As faculty members in Computer Science and Engineering we often
discuss the pros and cons of languages and which ones we should
teach. The Tiobe
software index shows us how the popularity of certain languages
ebbs and flows. I think it is clear that it does not really matter
which specific language you learn first or second, what matters is that
you learn how to think clearly. And that you learn how to learn new
As a demonstration, I thought I'd take a trip back memory lane and list the languages I learned (and forgotten) while still in school:
- BASIC - Freshman year in high school I took a summer class on Basic programming using the old Tandy PET (I also had the Atari 2600 basic programming cartridge, but it kinda sucked). Next year, my new Apple IIe had basic built in. I should also mention that back then it was common for high schools to teach Basic programming, Power Point and Excel did not yet exist.
- 6052 Assembly language - Of course, I wanted to write games and the only way to get any kind of animation in the Apple IIe was to progran in assembly.
- APL - I only worked with this extremely strange language for two weeks.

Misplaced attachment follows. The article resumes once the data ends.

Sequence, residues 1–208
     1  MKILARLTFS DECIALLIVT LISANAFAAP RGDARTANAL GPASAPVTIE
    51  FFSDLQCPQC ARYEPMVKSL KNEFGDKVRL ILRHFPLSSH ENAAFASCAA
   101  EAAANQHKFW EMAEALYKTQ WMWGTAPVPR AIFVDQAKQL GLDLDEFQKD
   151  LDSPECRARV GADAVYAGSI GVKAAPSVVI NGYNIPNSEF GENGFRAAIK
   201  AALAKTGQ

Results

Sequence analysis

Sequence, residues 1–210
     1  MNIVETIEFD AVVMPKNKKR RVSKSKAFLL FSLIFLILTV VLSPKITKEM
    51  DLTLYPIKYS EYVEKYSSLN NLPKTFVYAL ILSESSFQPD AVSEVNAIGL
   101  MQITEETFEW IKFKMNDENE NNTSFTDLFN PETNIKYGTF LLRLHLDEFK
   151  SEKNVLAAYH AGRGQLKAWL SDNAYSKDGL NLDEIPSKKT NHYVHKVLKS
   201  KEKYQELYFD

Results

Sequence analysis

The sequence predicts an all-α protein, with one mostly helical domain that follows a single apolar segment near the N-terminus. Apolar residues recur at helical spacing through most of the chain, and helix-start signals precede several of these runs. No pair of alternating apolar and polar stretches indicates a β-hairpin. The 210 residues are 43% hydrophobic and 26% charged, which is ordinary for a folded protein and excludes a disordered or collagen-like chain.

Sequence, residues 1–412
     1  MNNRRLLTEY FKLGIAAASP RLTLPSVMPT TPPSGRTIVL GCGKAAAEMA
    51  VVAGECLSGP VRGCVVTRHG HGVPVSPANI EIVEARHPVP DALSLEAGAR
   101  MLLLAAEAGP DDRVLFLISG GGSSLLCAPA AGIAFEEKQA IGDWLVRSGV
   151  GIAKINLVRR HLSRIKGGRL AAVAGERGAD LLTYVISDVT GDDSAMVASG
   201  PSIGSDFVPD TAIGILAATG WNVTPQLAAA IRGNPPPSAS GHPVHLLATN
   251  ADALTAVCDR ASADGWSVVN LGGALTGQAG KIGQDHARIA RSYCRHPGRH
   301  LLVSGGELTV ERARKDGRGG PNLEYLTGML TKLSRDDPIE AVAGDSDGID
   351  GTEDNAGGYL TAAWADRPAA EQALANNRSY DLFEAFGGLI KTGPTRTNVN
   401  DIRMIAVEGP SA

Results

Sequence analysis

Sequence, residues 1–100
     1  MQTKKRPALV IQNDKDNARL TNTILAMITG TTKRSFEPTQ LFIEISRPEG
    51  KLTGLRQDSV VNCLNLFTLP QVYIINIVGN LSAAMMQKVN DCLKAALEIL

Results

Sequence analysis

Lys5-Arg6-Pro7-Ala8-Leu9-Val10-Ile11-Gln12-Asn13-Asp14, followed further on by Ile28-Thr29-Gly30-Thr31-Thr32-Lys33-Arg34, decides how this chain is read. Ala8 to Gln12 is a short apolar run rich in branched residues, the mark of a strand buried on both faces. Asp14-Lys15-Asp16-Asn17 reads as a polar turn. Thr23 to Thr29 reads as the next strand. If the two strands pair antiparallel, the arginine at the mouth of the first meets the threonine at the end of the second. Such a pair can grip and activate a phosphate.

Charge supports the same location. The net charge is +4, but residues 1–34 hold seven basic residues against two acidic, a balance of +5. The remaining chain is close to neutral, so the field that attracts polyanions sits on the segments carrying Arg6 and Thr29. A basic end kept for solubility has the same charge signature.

- Pascal - Somehow I got a hold of a copy of a Pascal compiler for the Apple IIe. I was surprised to learn that you could write programs without line numbers and GOTO/jmp statements.
- Scheme - I used it in my freshman year at college. Scheme is the simplest language I have seen. It is beautiful.
- CLU - In college we had to do our software projects using CLU. It is a pre-cursor to object-oriented languages.
- Emacs Lisp - I learned it for a summer job. This rss feed will be turned into HTML automatically by an Emacs Lisp function I wrote.
- C - Learned it for an OS class in graduate school.
- Lisp - thesis work.
- Tcl/tk - thesis work.
- C++ - thesis work.
- Java - I wanted to write some applets, for fun.
Thus, there is no need to get too hung up on which programming language you should learn first. If you choose software as a career, you will likely learn over 100 languages over your lifetime. I can only imagine what we will be using 10 years from today!
If you also have fun writing programs then maybe you would like to try to solve some of my programming questions.